The parson was wasting a little time in the library of the seminary before heading home. He’d just come up from the stacks when Bill Harwell, a retired pastor who was supplying a rural congregation not far from where the parson served.
“Hello, Parson,” greeted Bill; “you still hanging around trying to finish that paper for Dr. Hollifield?”
The parson grinned at the memory of the paper he’d totally forgotten until the weekend before it was due on Monday. He had bluffed his way through the paper, but had received a lot of kidding from his friends, especially Bill, for forgetting it.
“Actually, Bill, I was downstairs researching an article I’m writing, and the deadline is two months away.”
“Well, I guess we do improve with age,” laughed Bill.
They both moved toward the exit to the library and paused on the front porch to catch up on the latest gossip. The conversation continued for a few minutes and then Bill asked:
“Did a woman named Janice Whittlemeir contact you a few months ago?”
“She did,” said the parson; “she’s been attending the church. I’m hoping she’ll join soon.”
“That would be a change,” said Bill. “She’s from the community where my church is. When she said she was moving to your area I suggested she check you out.”
“I appreciate that,” said the parson. “Actually, I’m baptizing her baby in a couple of weeks.”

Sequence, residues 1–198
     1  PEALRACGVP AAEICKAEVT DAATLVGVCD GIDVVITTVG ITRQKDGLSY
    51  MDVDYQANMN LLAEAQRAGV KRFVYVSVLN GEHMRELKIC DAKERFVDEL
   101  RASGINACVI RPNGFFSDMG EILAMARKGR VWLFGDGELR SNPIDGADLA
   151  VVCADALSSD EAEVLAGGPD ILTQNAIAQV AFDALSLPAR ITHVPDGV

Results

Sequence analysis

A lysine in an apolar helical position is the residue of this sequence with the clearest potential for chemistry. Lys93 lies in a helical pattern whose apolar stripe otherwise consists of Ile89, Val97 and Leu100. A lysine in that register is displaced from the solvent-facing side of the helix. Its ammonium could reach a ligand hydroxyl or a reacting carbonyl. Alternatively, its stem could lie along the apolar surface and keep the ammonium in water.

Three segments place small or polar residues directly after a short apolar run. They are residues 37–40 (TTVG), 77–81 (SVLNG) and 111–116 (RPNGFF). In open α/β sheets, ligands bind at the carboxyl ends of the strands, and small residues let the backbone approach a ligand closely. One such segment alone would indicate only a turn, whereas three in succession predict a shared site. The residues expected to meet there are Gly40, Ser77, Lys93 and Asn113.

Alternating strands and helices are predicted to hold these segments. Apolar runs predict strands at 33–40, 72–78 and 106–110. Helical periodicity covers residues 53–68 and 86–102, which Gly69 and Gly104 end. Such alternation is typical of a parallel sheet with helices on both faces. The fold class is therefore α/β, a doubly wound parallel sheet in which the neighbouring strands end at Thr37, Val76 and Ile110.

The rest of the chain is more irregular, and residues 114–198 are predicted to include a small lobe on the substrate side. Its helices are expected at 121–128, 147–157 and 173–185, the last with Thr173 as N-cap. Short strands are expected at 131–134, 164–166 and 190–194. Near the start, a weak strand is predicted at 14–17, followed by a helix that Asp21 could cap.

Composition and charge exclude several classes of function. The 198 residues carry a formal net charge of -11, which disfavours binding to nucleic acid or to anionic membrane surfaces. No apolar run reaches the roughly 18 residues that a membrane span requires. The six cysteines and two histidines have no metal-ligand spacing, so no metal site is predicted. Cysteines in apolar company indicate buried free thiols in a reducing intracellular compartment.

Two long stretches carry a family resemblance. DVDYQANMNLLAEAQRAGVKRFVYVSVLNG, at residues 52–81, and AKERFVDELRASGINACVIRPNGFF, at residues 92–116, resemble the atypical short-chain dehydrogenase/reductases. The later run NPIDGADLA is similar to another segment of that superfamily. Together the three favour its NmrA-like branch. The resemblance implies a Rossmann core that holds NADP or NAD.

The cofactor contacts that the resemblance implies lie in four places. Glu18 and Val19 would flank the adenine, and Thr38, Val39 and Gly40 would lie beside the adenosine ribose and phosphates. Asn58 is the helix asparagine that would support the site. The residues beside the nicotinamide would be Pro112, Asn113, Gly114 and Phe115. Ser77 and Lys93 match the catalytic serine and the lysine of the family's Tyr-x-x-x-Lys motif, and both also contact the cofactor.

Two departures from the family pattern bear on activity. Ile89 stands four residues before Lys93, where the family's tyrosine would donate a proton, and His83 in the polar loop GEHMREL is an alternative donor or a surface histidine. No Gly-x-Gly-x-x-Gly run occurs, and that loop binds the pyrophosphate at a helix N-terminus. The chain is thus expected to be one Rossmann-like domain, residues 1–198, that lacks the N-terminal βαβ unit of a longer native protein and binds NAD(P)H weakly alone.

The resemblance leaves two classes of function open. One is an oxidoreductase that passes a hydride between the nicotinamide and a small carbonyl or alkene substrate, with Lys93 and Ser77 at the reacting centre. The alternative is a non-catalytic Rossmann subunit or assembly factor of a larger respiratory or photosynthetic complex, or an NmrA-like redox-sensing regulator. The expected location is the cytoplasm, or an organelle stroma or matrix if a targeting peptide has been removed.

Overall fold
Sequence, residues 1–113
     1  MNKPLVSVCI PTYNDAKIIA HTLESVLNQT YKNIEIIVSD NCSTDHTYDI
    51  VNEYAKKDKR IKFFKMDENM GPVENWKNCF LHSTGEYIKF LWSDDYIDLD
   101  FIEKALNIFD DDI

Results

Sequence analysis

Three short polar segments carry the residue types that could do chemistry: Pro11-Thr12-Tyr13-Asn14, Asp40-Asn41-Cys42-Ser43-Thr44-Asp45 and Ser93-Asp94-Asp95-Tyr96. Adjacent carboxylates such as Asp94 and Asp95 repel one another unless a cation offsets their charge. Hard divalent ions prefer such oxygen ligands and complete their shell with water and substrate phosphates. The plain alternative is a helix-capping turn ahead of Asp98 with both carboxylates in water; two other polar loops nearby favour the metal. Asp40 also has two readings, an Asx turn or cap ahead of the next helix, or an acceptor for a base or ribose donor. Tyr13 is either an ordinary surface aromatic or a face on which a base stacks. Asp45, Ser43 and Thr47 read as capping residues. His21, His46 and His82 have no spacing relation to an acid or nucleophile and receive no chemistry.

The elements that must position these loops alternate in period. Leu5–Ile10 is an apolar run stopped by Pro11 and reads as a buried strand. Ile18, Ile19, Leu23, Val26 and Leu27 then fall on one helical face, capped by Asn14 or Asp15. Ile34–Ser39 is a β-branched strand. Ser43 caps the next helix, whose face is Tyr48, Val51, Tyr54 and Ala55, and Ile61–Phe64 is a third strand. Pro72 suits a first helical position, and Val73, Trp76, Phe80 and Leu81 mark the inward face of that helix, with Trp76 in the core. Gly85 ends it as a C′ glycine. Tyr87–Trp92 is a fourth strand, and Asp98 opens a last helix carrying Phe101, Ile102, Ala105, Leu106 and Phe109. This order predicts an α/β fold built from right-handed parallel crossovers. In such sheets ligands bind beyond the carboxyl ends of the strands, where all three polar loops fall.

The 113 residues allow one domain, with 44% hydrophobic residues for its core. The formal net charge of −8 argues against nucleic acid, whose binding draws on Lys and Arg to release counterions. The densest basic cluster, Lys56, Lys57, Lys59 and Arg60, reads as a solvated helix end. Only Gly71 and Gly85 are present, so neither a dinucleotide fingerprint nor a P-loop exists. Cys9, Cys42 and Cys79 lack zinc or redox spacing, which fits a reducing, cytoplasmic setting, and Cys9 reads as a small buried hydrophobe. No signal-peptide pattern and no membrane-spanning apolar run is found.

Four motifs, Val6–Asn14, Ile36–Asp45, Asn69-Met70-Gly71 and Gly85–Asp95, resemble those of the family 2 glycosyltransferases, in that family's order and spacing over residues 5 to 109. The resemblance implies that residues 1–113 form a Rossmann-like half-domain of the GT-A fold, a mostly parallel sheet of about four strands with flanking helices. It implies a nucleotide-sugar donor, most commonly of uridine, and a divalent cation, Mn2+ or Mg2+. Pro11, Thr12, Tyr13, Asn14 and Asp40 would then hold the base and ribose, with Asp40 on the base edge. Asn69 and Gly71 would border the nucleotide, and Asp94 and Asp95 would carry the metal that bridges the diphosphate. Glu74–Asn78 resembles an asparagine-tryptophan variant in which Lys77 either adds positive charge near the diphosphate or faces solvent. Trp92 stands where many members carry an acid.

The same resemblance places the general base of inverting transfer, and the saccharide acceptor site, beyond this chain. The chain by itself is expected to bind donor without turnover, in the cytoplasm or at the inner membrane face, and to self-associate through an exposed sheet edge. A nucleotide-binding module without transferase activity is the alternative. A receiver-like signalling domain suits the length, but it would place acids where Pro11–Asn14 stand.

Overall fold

Bill seemed taken aback. “She’s having her baby baptized?”
“Boy, I’m wondering how she’s going to answer the questions that are in the ritual. That woman has a really, well let’s just say, checkered past.”
“You think her checkered past would be a detriment to taking vows for her child at the baptism?”
“Well it sure opens things up for questions.”
The parson smiled. He grabbed Bill’s arm and pulled him down the steps and up a rise where he could look down at the village across the street.
The parson pointed, “Remember that place?” His finger was zeroed in on a pizza establishment where, in the parson’s younger days in the wild 60s, he and Bill and a couple of friends would often drink lunch that was served to them in pitchers served by waitresses wearing t-shirts, just t-shirts.”
Bill smiled and quietly responded, “Yeah, those were the days.”
“And when we knelt down at the altar for our ordination, Bill, there were a lot of folks who knew about our time across the street. I’m thinking they were probably murmuring to themselves, “Wonder how those guys are going to answer the questions.”Graphic by subscription with Clip Art [dot] Com